Shooting in harsh, midday sunlight can make photography difficult (especially for portrait photography). Direct sunlight can cast unwanted shadows, blow out the lighting on people’s faces, and and give everything that white, washed-out look. But the serrated landscape of Sabino Canyon provided lots of interesting lines and shadows to photograph, not to mention beautifully desolate views and refreshing oases. Tucson in the middle of the day is a lot harder to bear than in the middle of the morning, and it’s amazing to such how much natural life is able to thrive in the parched heat of the desert. Fortunately for me, I visited Arizona in March, and my Vitamin-D-deprived, Seattleite skin welcomed the milder Spring version of the desert sun.
Speaking of the “white, washed-out look”, I’ve been suspecting for awhile that the light meter on my Nikon FE is slightly biased when taking its light reading, but I keep forgetting to make note of which way the light meter leans. After looking through these midday desert photos, I’m pretty sure that the FE’s light meter tends to undervalue the amount of light available (in other words, when it tells me to set the shutter speed for 1/100 sec., I should be setting the shutter speed slightly faster than that). I’ll try to I’ll try to keep that in mind from now on when I use the Nikon FE, and we’ll see if that increases contrast and reduces overexposure in future photographs.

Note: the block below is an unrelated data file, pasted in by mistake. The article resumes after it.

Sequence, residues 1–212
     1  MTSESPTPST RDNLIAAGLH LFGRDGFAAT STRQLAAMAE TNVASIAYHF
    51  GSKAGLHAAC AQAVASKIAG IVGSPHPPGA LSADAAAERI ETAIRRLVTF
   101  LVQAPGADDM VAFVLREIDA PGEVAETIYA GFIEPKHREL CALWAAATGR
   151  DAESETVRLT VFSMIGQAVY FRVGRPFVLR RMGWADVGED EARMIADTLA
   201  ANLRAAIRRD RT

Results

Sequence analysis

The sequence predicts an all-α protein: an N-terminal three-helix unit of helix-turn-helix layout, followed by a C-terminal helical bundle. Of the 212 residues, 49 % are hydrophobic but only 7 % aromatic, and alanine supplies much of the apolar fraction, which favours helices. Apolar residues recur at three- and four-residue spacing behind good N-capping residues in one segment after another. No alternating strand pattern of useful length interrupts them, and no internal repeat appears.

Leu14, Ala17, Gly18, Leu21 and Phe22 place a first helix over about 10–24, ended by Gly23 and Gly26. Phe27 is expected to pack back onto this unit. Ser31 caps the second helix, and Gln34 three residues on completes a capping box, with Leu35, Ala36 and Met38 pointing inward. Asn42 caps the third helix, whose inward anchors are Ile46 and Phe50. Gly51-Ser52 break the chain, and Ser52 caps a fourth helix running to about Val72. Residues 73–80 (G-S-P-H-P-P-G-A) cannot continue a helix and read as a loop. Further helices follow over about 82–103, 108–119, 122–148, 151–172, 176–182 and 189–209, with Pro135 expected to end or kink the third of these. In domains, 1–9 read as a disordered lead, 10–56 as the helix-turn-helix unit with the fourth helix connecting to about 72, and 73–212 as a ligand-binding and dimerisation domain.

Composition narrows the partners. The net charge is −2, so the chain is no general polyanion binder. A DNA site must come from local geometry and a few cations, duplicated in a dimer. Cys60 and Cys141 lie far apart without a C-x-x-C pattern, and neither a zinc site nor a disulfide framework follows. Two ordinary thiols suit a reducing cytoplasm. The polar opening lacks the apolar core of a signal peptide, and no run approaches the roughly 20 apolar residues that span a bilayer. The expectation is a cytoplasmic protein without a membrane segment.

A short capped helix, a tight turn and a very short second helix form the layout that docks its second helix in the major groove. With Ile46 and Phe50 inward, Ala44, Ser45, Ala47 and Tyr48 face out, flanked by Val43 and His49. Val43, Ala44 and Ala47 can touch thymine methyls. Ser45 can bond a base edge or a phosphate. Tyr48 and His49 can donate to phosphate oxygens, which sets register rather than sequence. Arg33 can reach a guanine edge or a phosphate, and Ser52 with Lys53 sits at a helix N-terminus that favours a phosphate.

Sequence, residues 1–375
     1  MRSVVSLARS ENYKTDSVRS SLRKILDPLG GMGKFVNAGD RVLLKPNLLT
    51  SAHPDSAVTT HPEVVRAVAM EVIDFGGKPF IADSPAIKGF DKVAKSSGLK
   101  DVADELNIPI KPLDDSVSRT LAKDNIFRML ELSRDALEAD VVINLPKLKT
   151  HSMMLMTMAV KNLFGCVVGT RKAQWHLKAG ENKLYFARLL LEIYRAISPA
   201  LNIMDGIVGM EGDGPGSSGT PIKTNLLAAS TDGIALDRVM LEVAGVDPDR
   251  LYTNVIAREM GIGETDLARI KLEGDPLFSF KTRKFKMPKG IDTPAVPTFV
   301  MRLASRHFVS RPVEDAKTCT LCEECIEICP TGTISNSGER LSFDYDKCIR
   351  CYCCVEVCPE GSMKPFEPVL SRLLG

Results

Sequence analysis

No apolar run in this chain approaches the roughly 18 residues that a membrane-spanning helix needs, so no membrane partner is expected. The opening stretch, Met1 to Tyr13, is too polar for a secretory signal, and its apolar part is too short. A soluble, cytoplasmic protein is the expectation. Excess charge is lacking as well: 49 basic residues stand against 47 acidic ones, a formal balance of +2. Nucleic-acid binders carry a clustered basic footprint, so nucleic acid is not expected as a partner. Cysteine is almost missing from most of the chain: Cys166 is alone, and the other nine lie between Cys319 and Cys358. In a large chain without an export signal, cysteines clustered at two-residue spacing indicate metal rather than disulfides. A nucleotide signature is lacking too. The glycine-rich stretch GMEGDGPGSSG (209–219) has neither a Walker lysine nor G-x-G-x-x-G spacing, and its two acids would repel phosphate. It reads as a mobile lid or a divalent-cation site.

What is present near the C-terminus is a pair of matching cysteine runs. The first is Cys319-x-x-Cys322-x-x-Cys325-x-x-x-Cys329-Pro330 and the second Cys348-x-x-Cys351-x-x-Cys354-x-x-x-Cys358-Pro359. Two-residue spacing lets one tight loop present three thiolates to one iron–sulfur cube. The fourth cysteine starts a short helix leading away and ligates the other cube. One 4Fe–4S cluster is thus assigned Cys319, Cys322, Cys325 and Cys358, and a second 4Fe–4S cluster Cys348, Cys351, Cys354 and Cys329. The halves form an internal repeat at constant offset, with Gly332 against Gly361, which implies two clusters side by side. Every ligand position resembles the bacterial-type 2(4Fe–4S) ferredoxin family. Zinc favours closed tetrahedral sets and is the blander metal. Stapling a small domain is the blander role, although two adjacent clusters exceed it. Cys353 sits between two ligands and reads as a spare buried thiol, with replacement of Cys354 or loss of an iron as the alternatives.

Check back soon for the last part of the Tucson series!